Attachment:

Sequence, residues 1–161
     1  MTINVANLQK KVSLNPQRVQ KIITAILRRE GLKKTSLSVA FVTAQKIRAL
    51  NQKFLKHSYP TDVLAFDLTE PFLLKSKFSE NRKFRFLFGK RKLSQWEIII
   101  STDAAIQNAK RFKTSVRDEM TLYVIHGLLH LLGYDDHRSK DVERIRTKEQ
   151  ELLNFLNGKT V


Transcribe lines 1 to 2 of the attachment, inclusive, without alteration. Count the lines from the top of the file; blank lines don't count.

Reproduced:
Sequence, residues 1–161
     1  MTINVANLQK KVSLNPQRVQ KIITAILRRE GLKKTSLSVA FVTAQKIRAL